Competing Metrics – You Can’t Have Your Cake and Eat It Too
Author: Michael Pistone, Business Analyst
You can’t have your cake and eat it too. For some strange reason, there is an underlying impression that a workforce management software solution will magically solve every operational problem. It’s not true. There will be instances and occasions where sacrifices will be made based on the scheduling logic. I should clarify. Overall, you will see improvement across all metrics with a WFM solution, but my keywords are “instances” and “occasions.”
Here’s an example:
Let’s say we have a business goal to reduce costs. There are many metrics that are associated with cost reduction, but for this example we’ll use two. The first is reduction of overtime costs. The second is reduction of SLA penalties associated with missed appointments. Overtime and missed appointments compete with each other.
Let’s assume our resources work an 8 a.m. – 5 p.m. shift and after some analysis, we see that most jobs that start after 4:30 p.m. result in overtime. We can configure the optimizer to never schedule a job after 4:30 p.m., limiting the opportunities for overtime pay. However, in this scheduling decision, the optimizer will sacrifice a job that has a due date at 5 p.m. today. Overtime and Missed Appointment metrics compete with each other.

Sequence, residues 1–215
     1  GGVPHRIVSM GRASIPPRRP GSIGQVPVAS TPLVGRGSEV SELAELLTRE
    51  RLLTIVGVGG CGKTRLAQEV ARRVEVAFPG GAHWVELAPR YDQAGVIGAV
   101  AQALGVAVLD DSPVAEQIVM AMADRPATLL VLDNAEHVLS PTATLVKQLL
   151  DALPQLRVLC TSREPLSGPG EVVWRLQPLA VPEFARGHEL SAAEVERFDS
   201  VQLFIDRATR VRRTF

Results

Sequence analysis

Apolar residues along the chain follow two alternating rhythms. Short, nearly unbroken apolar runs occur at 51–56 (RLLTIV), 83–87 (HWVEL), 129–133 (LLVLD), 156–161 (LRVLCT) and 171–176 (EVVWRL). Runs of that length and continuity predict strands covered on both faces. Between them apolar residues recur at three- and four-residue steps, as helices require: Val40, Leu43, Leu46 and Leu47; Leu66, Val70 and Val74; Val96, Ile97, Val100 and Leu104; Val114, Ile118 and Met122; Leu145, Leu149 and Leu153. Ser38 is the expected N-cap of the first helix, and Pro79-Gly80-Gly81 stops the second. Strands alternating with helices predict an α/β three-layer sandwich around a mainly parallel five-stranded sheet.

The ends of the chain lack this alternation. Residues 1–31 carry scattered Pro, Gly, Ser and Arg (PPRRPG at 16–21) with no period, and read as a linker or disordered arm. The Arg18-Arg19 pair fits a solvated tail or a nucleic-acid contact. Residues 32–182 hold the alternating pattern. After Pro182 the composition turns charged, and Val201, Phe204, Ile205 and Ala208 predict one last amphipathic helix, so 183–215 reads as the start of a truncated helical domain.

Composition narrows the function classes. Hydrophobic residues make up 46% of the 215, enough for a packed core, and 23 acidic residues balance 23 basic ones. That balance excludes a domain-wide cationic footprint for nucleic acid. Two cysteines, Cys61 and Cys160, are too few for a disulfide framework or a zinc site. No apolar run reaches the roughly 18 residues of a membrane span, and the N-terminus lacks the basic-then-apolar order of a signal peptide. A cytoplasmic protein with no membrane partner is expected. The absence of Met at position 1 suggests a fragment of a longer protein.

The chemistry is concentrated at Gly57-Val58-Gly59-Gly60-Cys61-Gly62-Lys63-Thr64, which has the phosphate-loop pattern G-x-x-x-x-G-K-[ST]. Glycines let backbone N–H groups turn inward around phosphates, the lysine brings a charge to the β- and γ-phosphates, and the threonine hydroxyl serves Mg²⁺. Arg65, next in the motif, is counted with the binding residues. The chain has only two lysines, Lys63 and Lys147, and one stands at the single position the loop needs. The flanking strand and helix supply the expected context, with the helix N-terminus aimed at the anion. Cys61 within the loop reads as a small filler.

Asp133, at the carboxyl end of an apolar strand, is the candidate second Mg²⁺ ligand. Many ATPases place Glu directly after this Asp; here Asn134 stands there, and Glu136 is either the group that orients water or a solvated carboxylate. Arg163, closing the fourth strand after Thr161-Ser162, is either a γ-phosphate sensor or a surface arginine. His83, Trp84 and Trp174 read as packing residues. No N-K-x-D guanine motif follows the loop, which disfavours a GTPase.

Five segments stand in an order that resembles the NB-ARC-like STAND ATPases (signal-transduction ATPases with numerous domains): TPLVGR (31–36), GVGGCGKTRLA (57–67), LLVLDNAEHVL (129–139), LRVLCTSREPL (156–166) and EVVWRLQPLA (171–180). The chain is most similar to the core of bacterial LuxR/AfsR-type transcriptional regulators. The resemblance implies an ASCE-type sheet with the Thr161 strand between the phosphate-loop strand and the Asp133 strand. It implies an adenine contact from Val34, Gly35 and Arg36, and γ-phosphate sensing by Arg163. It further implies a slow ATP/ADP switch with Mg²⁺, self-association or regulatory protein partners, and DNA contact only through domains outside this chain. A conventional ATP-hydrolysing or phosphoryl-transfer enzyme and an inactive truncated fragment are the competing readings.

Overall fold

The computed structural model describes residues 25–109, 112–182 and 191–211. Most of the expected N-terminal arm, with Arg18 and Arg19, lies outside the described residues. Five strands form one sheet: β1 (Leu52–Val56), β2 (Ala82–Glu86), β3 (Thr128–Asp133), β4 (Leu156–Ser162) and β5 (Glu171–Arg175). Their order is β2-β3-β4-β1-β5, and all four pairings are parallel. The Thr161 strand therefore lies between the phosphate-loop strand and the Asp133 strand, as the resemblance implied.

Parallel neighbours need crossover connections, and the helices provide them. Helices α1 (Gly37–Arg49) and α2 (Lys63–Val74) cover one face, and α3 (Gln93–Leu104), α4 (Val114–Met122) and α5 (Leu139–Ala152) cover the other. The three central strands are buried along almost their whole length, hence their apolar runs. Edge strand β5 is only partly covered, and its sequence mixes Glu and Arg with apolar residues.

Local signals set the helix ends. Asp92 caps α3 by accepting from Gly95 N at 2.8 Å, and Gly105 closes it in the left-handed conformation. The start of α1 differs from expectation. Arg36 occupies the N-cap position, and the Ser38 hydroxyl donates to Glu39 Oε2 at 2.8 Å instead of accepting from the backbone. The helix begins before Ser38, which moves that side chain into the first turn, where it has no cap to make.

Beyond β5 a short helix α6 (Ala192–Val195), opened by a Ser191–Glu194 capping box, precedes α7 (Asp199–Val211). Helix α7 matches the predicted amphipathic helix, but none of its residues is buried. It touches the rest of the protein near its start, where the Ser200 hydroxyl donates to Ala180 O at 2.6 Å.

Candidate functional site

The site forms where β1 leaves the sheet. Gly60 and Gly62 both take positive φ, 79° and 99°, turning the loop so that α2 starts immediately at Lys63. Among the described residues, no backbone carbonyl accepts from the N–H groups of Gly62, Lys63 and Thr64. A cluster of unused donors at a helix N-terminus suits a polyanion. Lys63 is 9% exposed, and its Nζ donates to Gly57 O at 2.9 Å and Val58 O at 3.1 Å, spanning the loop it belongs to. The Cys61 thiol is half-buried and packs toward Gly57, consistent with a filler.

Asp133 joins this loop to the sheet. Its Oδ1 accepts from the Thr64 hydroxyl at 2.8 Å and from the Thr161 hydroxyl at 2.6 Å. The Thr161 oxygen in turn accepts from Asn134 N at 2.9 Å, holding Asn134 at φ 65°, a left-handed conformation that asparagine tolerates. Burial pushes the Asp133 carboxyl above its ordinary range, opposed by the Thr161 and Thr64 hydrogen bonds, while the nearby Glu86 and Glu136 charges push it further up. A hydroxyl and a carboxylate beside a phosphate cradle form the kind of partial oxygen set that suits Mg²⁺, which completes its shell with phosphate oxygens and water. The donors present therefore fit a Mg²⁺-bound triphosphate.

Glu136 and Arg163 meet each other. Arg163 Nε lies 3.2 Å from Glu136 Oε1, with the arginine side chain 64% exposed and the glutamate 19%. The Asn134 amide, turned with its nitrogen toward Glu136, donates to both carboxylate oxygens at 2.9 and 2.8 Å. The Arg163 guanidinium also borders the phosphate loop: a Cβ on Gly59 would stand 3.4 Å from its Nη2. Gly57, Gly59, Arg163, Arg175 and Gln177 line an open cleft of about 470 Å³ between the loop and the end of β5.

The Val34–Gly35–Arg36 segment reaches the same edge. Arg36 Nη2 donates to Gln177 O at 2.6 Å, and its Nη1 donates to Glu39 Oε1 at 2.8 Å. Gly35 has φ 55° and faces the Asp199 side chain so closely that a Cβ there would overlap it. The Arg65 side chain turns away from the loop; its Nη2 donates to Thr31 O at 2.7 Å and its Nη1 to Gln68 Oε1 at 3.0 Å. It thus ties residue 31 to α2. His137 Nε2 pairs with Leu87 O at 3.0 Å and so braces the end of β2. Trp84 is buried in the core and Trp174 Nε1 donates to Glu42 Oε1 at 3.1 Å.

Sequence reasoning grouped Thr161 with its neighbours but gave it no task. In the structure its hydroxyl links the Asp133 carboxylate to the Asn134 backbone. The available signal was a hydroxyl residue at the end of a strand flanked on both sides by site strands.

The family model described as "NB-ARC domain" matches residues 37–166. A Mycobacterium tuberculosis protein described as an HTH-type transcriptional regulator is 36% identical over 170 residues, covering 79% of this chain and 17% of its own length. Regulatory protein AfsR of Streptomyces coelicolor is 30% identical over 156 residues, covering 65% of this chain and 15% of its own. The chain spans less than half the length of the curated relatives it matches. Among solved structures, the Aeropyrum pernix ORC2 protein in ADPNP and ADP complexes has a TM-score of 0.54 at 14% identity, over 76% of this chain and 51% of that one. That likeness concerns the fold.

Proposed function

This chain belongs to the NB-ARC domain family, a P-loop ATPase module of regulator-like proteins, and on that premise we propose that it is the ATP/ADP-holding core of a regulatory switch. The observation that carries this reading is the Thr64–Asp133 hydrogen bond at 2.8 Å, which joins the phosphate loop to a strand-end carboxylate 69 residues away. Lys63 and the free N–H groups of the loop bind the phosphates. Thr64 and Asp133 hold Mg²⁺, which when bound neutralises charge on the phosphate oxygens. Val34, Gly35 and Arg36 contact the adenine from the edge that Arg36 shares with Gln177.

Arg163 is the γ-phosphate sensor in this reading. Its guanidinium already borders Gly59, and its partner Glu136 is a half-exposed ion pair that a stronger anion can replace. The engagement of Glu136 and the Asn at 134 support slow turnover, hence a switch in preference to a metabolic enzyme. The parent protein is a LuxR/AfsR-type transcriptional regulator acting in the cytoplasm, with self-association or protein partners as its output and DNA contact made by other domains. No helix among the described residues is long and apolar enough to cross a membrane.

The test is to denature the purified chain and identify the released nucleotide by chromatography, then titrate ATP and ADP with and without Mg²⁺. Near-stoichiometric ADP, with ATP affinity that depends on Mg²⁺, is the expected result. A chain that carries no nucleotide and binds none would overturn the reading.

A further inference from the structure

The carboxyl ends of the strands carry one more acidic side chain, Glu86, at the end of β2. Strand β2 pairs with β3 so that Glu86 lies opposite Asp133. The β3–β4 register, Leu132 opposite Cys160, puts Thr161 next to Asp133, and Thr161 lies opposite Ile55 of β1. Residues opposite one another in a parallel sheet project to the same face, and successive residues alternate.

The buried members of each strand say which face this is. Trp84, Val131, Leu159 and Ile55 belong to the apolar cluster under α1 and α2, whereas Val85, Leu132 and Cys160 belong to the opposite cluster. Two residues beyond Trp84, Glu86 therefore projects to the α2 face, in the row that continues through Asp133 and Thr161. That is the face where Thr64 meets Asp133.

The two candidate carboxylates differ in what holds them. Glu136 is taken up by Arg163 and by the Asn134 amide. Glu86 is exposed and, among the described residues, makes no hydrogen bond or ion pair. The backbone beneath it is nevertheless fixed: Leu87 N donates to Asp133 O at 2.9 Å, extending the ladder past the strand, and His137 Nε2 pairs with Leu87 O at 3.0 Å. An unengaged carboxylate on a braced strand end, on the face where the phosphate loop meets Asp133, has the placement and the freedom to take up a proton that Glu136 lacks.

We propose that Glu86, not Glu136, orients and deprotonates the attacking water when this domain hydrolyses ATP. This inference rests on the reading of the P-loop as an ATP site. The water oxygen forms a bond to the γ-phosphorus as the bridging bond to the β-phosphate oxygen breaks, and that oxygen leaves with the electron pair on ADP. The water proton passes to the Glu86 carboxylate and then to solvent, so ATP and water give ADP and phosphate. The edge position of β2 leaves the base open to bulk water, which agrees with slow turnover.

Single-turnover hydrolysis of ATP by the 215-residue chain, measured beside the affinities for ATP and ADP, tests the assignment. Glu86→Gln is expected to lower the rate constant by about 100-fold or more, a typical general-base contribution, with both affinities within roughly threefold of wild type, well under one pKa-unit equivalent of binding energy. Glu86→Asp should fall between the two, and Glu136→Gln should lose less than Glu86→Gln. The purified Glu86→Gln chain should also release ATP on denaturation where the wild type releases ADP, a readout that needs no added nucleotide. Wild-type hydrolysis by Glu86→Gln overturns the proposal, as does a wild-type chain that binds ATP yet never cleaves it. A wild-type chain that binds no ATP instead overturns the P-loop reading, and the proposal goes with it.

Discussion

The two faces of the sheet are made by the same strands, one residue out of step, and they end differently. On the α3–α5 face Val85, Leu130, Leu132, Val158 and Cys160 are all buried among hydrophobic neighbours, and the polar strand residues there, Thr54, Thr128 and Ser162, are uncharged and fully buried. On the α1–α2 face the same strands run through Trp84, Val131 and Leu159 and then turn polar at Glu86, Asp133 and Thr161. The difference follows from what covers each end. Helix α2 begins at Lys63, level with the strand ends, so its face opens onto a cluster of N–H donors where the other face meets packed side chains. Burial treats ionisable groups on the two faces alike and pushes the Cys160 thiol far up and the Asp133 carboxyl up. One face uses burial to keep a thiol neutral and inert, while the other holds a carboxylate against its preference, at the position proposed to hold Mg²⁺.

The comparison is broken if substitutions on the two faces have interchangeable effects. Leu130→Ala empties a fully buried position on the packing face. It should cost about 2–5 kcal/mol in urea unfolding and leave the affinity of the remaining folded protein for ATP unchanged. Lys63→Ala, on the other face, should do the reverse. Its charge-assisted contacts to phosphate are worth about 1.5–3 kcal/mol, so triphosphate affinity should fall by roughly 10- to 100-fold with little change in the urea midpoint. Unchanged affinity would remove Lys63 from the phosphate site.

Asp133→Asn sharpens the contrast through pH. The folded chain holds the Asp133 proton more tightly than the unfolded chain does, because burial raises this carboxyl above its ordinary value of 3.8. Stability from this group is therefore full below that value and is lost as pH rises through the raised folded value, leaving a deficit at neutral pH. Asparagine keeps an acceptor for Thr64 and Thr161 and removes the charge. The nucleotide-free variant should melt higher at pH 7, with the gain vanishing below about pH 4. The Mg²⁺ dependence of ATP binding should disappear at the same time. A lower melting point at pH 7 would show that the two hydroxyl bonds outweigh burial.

Now, if your field resources are abundant (I chuckled to myself as I wrote that), the optimizer would not have to make this decision. In most organizations that I work with, resources are at the bare minimum to support daily operations. When you apply in-day variability that sabotages the schedule (resource calls out sick, emergency work), metrics will compete.
So how do we sort it out? By weighting objectives within the scheduling logic. The key thing to remember is that the computer will do exactly what we tell it to do. So, if I weight the restriction of overtime at a value of 100 and weight the scheduling decision to avoid missed appointments at 0, we’ll see a ton of missed appointments but overtime costs will be eliminated.
Now it gets really tricky. If our weighting is not absolute (100 vs. 0) as the scenario I described above, we see a combination of overtime and missed appointments occurring. When we start to add in other competing metrics associated with reducing costs, the outcome is complicated even further.
So if you are just launching your WFM solution or if your schedule doesn’t look right, simplify your scheduling logic. Identify your primary business goal and most importantly, understand the associated cost of overtime vs. the associated costs of missing the appointment, as well as other competing metrics that may impact the scheduling decision.